Imagine: Friday, late afternoon, May 14, 1948. The country is transfixed, ears virtually attached to radios, listening for an announcement most already anticipated.
Some six months earlier, on Nov. 29, 33 members of the United Nations had voted for Resolution 181, approving the partition of the British mandate into a state for the Jews and a State for the Arabs. Thirteen members abstained. As the mandate was about to end, the members of the provisional government of what would be the State of Israel gathered at the Tel Aviv Museum on Rothschild Street to declare the establishment of the independent State of Israel. Signatures had to be completed before the arrival of the Sabbath—representatives of the religious Zionists would not sign the document after sundown.
Soon, cheers could be heard in the streets of Tel Aviv. The crowd gathered in front of the museum swelled as citizens of the new state poured out of their homes throughout the infant nation. The emotional strains of “Hatikvah” were heard in city squares throughout the country. Circles on circles formed as the music and movement of horas swirled across the generations.
The United States, led by President Harry Truman, recognized the new state 11 minutes after it was declared.
After 2,000 years of longing, fervently wishing for “next year in Jerusalem,” the State of Israel was re-established, recognized as a member of the family of nations. In theaters around the world, newsreels pictured Israelis, young and old, as independence was proclaimed. Their moment of joy was witness by millions.
But not everyone was dancing in the streets on that first Israeli Independence Day. When the declaration of Israel’s independence was announced, the Haganah, the predecessor of the IDF, had already mobilized 18-year-old Auschwitz survivor Akiva Kohane.
“Voluntarily drafted,” Kohane tells JointMedia News Service, with a wry bit of humor—to be part of an army that, officially, did not exist.
Kohane’s unit was on alert in Nahariya, waiting for the war to be declared. The fledgling army had been engaged in an unofficial war for months. Kohane heard the news on radio, together with the other members of his unit. By then, he says, “We were already preparing for all kinds of things.”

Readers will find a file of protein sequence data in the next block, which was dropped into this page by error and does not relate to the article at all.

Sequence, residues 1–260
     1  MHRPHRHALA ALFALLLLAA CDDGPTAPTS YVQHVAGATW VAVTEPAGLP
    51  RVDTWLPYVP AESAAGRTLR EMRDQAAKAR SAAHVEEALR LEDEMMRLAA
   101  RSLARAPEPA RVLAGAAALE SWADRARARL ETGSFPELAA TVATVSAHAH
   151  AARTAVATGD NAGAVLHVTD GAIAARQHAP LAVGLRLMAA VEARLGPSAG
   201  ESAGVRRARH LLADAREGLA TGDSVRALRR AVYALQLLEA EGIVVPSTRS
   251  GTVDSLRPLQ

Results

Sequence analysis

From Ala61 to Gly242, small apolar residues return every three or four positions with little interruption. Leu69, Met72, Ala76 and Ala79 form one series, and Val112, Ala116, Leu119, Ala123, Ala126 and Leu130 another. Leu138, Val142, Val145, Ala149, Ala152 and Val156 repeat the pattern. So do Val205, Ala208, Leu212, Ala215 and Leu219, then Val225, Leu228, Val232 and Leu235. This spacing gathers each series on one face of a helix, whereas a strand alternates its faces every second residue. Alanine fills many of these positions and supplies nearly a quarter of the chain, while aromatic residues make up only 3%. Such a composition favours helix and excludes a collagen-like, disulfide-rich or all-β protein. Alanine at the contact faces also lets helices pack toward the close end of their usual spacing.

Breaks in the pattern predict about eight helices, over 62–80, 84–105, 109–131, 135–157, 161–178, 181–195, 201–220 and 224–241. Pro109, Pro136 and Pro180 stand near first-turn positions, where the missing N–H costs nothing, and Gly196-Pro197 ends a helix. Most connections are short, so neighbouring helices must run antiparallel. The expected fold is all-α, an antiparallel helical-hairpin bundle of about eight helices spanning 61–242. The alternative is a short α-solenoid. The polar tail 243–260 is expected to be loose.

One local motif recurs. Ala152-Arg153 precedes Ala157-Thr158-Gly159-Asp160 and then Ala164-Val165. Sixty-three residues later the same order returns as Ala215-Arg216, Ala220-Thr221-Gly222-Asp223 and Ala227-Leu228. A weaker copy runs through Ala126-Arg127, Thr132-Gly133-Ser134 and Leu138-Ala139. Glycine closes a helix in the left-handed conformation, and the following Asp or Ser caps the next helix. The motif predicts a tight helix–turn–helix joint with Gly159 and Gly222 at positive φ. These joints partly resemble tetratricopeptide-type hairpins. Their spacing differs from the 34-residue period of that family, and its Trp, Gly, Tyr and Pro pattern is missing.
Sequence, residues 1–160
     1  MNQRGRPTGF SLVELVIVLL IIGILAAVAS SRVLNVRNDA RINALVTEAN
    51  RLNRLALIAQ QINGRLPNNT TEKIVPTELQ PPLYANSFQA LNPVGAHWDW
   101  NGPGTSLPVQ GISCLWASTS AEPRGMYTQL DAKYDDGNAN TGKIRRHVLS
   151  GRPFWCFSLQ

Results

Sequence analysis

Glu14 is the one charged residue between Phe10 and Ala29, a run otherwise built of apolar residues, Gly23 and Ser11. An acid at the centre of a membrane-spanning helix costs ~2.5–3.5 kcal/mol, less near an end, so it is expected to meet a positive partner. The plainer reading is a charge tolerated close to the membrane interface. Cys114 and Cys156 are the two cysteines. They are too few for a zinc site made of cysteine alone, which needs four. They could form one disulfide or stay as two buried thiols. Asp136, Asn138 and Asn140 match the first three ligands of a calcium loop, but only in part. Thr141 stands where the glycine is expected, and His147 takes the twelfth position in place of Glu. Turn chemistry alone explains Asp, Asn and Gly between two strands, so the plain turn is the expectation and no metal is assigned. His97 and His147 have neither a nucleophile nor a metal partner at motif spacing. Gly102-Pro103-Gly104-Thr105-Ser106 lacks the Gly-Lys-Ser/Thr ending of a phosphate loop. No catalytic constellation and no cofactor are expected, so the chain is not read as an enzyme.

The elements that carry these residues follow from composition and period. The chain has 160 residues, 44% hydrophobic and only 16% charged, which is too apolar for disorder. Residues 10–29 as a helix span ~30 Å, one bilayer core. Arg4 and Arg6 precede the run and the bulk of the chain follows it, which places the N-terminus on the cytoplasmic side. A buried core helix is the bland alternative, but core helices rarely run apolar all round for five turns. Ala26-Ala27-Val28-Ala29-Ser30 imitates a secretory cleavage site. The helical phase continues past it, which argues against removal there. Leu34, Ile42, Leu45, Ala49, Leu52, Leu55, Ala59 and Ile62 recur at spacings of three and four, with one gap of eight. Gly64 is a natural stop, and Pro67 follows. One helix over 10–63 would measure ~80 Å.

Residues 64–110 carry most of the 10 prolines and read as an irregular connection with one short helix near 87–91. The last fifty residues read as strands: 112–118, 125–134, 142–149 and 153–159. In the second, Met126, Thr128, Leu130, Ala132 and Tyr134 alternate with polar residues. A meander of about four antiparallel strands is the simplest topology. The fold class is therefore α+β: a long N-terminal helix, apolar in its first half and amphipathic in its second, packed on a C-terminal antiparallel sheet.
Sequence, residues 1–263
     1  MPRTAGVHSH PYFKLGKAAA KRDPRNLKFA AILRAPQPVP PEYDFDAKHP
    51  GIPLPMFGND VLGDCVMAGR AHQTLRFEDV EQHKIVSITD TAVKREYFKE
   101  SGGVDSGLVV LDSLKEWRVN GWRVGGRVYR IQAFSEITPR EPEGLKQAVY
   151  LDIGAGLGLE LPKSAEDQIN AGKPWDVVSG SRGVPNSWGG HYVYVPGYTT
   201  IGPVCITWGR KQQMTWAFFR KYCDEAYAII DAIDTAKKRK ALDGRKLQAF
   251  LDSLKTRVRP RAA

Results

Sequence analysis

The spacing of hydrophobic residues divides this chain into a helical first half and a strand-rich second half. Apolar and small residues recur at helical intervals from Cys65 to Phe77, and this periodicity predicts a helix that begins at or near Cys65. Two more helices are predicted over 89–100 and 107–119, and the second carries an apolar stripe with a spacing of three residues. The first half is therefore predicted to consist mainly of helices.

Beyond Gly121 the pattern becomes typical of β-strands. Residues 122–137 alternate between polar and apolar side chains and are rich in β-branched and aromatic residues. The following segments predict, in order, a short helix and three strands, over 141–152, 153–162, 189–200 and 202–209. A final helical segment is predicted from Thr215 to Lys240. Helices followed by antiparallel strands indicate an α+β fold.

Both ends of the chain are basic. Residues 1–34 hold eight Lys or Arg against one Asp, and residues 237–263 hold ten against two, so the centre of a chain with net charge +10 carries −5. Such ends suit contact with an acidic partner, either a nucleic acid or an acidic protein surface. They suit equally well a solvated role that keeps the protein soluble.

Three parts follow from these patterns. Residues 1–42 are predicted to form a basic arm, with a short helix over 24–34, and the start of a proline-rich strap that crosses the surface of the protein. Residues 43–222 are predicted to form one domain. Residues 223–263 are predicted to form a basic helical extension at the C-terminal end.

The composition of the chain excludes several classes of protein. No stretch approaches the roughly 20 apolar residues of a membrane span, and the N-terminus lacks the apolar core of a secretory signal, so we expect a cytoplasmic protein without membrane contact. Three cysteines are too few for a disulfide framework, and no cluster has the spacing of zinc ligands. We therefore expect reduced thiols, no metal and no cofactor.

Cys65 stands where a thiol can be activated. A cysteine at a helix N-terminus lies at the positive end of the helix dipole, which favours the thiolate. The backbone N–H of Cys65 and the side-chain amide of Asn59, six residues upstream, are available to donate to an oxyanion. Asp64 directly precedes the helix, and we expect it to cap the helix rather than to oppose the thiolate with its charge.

When Israel’s independence was officially declared May 14, 1948, Kohane recalls that, “People were going out and dancing in the street, but I could not go out and dance.”
“We were isolated in Nahariya,” he says.
In good IDF form, Kohane declines—even 64 years later—to give specific details about his unit. “We were more than 20, less than 100. I remember things very vividly. We were receiving arms through the sea. I remember they were bringing guns from the sea. We had to clean every one of them! We were training on a new weapon on that afternoon of independence. This was a war; in war you don’t really have time to enjoy.”
Kohane’s gidud (regiment) was part of the Carmeli Brigade (later absorbed into the Golani Brigade) in 1948; most of the troops were from Haifa and the surrounding area. Kohane served from 1948 through 1950, most of that time in the Signal Corps. “Part of the regiment’s responsibility,” recollects the spry octogenarian, “was to protect travelers going to Lehiyot Am, a settlement midway between Nahariya and Tzfat, near an old crusader ruin.”
“People going there from Nahariya had to go through Arab territory and were often attacked,” recalls Kohane. “Many were killed. Those who did get through to their final destination uninjured were very lucky.”
One year later, on the second anniversary of Israeli independence, Kohane was “on the street” and “marching in Haifa.” As a member of the signal corps, Kohane carried a walkie-talkie. “They put those of us with the walkie talkies in the front—this was no little cell phone in the pocket!” he says. “The batteries alone filled a backpack.”
Asked how soldiers had celebrated that second Independence Day, Kohane says, “In Israel they don’t get drunk, that’s a goyishe thing. There were hardly any bars in all of Haifa. All the goyim were going to a single place.”
“But,” he reminisces, “it’s not the same as what’s going on today.”
Akiva Kohane was 11 years old in 1940, living in Katowice, near the Polish German border. His father died in Belzec in 1942. His mother, Renia, and sister Anetta were murdered in Auschwitz, where mother and daughter were murdered.
Akiva survived Auschwitz, the death march to Alt Hammer, incarceration in Mauthausen, and yet another march to Gunskirchen. Liberated there by the American army, he was placed in a DP camp in Wels, Austria. He later went to Italy where he joined a youth aliyah group, sailed to Palestine, was intercepted by the British, and sent to the Athlit camp. Kohane spent a year at kibbutz Alonim, then served in the Haganah—later the Israel Defense Forces.
He lives in New York with his wife Paulette and has two sons, Gil and Ariel.
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